Vantage point

Friday, August 21, 2009

Review of Inglourious Basterds

Quentin Tarantino's latest release, Inglourious Basterds, is kind of like a 50-over innings from a one-day cricket match. Delectable beginning and a breath-taking end, but the middle portion has you checking the watch a lot. The bang for the buck you get from the start and the end does compensate for the dreary middle, but really, this is not the sort of calculation you usually find yourself doing for a Tarantino movie! So while keeping in mind that the movie is way better than the usual fare, worth watching on the big screen, and entertaining on the whole, let us examine why it fails to meet the admittedly astronomical QT standards.

A big problem - the dialogs, which, paradoxically enough are usually QT's biggest strength. Hardly any engaging conversations that really stay with you after the movie ends. Individual lines? Lots, most of them from Brad Pitt. But conversations? Not so much. Maybe something got lost in translation, because at least half, if not three-fourths of the movie, is in German or French, so for the most part, you are reading the subtitles. I say "maybe", because it was not at all an issue in the two Kill Bill movies. Subtitled conversations were still engaging, hilarious and memorable, like those between the bride and Hatori Hanzo or Pai Mei. Here, nahh, not so much.

Which probably has to do with the second problem too. A relative dearth of memorable and well-fleshed-out characters, which again, QT films are usually packed with. Christoph Waltz as Col. Hans Landa of the SS is chillingly suave, and should get an Oscar nomination. Brad Pitt as Lt. Aldo Raine has a rustic hilarity that is reminiscent of his character in Snatch, more in style than content. But too much in the film rests on the shoulders of these two men. I found myself wishing, hoping praying that every subsequent scene would have at least one of the two men.

And I don't think the problem was with acting. Melanie Laurent's performance as Shosanna is a triumph in non-verbal acting, with her eyes, facial expressions, and even sighs conveying more than words ever could. Daniel Bruhl, whom I loved in Goodbye Lenin, does an excellent job playing the annoying overachieving sniper Zoller. The guys caricaturing Hitler and Goebbels are hilarious, and there is a blink-and-you-miss-it cameo by Mike Myers. And the rest of the basterds, like Eli Roth, B.J.Novak, and so on also put in a competent hard day's work, but are not developed. I was especially disappointed to see Eli Roth as the promising "Jew Bear" lose all distinguishing characteristics as the movie progressed. So the problem was with the writing, which left all characters except Landa and Raine totally flat and purely functional rather than evocative.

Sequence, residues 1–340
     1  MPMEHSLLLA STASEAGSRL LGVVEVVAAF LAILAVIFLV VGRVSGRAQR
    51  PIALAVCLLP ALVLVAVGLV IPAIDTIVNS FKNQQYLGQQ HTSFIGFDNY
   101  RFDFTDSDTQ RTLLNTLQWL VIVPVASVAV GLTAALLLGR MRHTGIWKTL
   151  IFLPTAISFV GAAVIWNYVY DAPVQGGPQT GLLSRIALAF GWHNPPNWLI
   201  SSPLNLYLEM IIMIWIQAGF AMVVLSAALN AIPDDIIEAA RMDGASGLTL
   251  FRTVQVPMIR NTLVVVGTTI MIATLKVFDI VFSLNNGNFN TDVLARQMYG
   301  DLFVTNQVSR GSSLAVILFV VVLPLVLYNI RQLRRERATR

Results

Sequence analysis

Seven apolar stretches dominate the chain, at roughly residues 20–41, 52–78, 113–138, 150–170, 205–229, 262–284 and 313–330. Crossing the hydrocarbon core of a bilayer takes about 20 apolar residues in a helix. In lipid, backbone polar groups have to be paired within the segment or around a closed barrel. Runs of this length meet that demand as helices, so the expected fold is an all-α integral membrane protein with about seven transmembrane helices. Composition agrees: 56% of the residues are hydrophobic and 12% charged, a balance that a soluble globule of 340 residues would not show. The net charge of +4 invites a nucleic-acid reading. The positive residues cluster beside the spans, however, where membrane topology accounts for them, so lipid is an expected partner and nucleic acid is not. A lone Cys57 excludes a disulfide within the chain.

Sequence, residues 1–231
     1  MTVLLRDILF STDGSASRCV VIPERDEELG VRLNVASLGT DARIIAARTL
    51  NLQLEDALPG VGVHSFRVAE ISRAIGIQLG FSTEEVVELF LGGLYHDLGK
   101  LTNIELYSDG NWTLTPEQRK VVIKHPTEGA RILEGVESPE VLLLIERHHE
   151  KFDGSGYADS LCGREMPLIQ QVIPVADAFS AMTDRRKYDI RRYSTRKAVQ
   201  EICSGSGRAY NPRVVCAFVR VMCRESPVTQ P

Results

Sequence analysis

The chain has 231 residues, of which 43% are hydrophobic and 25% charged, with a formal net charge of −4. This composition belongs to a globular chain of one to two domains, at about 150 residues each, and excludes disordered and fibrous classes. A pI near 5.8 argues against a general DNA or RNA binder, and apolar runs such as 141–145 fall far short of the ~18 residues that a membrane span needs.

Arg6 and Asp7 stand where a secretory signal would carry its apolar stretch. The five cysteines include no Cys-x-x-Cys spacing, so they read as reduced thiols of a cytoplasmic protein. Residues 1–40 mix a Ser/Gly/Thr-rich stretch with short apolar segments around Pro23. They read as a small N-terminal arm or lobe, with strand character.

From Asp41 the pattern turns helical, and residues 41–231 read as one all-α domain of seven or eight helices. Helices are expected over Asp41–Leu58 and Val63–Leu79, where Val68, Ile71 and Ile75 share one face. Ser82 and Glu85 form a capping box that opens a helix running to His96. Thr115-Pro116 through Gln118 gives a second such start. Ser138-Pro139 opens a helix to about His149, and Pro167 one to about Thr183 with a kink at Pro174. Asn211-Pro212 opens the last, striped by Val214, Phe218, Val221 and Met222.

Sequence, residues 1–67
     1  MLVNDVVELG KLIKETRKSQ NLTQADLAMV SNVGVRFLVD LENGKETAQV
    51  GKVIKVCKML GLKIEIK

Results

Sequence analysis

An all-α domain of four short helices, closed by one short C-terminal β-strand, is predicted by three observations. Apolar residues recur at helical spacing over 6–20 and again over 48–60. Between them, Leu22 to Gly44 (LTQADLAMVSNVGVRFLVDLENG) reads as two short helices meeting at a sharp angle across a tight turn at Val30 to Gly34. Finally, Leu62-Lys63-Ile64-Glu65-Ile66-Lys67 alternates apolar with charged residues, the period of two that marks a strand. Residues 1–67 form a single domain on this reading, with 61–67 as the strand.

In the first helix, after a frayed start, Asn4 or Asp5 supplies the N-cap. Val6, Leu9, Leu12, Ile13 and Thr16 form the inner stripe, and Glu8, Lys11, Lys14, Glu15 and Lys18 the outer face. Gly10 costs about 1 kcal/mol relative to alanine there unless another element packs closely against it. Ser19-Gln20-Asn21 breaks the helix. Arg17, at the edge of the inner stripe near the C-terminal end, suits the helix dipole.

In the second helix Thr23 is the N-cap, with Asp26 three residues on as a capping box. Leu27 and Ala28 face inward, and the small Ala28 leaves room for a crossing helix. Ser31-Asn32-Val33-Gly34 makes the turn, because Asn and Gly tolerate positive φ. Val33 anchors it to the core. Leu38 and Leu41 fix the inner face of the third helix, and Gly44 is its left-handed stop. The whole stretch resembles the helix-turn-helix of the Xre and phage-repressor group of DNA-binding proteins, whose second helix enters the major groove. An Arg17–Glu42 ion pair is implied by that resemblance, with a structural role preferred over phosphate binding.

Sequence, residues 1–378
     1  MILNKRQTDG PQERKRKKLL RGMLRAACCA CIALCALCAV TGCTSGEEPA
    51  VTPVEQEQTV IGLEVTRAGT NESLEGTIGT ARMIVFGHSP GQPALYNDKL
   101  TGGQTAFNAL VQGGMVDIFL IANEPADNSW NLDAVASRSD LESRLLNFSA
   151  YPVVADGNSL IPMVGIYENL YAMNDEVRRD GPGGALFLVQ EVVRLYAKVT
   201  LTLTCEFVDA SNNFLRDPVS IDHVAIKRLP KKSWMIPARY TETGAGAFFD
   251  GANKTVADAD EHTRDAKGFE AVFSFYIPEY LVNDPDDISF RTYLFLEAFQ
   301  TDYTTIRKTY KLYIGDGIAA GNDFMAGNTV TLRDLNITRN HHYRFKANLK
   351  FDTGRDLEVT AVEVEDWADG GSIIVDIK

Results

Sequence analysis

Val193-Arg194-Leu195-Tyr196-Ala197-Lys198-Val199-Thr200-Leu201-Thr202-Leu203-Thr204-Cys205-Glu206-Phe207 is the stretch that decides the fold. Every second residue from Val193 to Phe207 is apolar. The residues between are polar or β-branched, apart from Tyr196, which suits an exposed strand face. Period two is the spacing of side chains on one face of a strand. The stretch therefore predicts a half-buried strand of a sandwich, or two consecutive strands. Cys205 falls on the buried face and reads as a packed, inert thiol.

With the film lacking in engaging conversations or engaging characters, the middle half is bound to meander. I was especially annoyed by the whole long-drawn scene in the bar, which fails to deliver on its potential of being cult-worthy, and adds nothing to the movie except what happens at the end. The King-Kong bit is the only clever part in there, and even then, the punchline takes a little too long to arrive. And considering what happens at the end, it was also pointless to include the British angle, including a doddering old man not given too much footage, and who one assumes is supposed to be Winston Churchill.

But that's the bad part. Now on to the really good ones.

The opening scene of the movie is nail-biting and gets you on the edge of your seat right away. And gets you intimately acquainted with the demonic Col. Landa. And has some awesomely imaginative background music.... imagine a mash-up of Beethoven's Fur Elise and David Bowie's Cat People? (The background score is quite awesome throughout, with lots and lots of Ennio Morricone, whom QT used extensively in KBV2 as well). Then we get acquainted with the basterds, leading to some deliciously violent signature Tarantino scenes.

Then umm... the middle....already extensively bashed..... which has some crucial elements as a way of laying the ground work for the end, but for the most part...mehh... and devoid of Pitt or Waltz.

Then the beginning of the end, which is when the movie starts picking up pace again. And the QT touch returns and keeps making itself felt as it builds up. Finally the climax reaches a vein-bursting crescendo in a manner that is very unique, even unprecedented. It is at once a stylishly pulsating big flourish (like in KBV1) and an intelligently ironic anti-climax (like in KBV2). Tarantino manages this seemingly impossible task with the panache and ballsiness that show he still da man.

So my advice to you is - go watch it for sure. But with lowered expectation. Don't expect something of the caliber of Pulp Fiction, Reservoir Dogs or Kill Bill, but more in the Jackie Brown - Death Proof range, and you will be a contented customer.